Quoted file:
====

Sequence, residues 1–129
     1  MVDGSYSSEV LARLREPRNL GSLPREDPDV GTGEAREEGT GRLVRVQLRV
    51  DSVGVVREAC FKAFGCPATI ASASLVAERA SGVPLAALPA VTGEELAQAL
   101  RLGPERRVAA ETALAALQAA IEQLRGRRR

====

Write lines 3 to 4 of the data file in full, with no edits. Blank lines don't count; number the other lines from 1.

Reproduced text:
    51  DSVGVVREAC FKAFGCPATI ASASLVAERA SGVPLAALPA VTGEELAQAL
   101  RLGPERRVAA ETALAALQAA IEQLRGRRR